Release Aging People in Prison (RAPP) is a grassroots advocacy campaign created and led by formerly incarcerated people. We work to end the racist law-and-order policies that have more than doubled the number of elders behind bars over the past 20 years, to expand the use of parole, compassionate release, and clemency, and to end life imprisonment. By advocating to free incarcerated elders—women and men who have served decades in prison for crimes including those of violence; who have taken responsibility, transformed their lives, developed profound skills and abilities, and who pose little if any public safety risk—we strike at the system of endless punishment that fuels mass incarceration and damages Black and other communities of color.
Release Aging People in Prison: A Campaign to End Elder Incarceration and Promote Racial Justice
The Release Aging People in Prison/RAPP Campaign is a grassroots advocacy organization created and led by formerly incarcerated people and family members of people in prison. We work to end mass incarceration and promote racial justice through the release of aging people in prison and those serving long sentences. We work to dismantle the racist policies of mass incarceration by expanding the use of parole, compassionate release, clemency, and other forms of release in New York State. We work with other organizations across the country to end life imprisonment in the United States. By organizing community power to free incarcerated elders, we work to uproot a system of endless punishment that fuels mass incarceration and damages Black and other communities of color.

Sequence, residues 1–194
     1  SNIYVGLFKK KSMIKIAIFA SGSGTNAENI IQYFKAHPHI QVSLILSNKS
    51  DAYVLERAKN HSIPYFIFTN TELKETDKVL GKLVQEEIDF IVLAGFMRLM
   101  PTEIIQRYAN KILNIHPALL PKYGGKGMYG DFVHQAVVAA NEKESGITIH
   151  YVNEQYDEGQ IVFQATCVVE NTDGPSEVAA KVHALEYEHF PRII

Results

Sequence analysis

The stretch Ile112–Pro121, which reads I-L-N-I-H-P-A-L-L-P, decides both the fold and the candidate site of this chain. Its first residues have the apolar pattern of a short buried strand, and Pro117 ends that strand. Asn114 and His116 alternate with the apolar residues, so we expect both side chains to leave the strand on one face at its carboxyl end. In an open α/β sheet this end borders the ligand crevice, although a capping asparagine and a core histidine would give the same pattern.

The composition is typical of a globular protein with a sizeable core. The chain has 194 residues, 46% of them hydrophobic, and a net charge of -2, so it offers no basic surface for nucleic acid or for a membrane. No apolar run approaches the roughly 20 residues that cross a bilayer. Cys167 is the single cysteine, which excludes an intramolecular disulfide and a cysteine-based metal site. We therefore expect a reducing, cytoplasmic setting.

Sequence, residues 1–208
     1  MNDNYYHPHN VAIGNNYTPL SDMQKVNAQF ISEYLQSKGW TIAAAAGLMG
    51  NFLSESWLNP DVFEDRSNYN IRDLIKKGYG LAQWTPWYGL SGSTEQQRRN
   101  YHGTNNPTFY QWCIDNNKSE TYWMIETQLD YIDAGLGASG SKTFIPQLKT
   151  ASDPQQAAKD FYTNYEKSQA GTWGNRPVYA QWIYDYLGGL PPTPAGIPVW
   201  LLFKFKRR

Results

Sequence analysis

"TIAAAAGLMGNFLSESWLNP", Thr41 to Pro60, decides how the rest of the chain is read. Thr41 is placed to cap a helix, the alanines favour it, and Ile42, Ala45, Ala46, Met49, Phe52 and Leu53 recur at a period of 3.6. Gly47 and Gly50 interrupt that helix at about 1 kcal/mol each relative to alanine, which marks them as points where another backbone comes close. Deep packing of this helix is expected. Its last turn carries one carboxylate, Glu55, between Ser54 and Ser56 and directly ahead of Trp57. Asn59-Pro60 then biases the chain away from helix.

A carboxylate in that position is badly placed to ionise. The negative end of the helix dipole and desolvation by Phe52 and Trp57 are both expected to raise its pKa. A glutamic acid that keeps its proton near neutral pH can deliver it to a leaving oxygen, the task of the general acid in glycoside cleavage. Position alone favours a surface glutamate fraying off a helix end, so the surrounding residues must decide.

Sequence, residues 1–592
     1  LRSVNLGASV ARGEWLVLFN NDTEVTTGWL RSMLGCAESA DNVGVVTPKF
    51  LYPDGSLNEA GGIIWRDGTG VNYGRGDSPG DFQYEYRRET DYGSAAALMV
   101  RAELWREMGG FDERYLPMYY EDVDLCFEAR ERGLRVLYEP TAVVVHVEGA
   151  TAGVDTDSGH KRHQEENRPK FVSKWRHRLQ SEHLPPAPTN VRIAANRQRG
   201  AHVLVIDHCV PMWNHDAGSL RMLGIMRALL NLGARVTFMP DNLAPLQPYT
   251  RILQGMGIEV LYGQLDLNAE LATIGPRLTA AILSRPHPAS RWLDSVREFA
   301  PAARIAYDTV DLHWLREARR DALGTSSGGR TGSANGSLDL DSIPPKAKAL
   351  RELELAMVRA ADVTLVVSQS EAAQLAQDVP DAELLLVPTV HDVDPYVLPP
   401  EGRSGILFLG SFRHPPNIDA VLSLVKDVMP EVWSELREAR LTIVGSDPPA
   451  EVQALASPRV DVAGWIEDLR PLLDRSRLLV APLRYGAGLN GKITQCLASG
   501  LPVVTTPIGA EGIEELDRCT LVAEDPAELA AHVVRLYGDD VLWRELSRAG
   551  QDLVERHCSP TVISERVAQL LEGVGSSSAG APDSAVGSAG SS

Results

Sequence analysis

Since our founding, we’ve helped to lead several successful campaigns to change the regulations and personnel associated with the New York State Parole Board as a means of promoting the release of more people from prison. At the time of our founding, the population of older people in New York State prisons exceeded more than 10,000, and while the overall prison population in the state had fallen by 23% since 2000, the population of older people serving long sentences had doubled. Today, partly as a result of our work, there are just under 8,300 incarcerated older New Yorkers in prison. While we’ve made great strides since our founding, we still have a long way to go before all New Yorkers have a real opportunity for freedom and justice.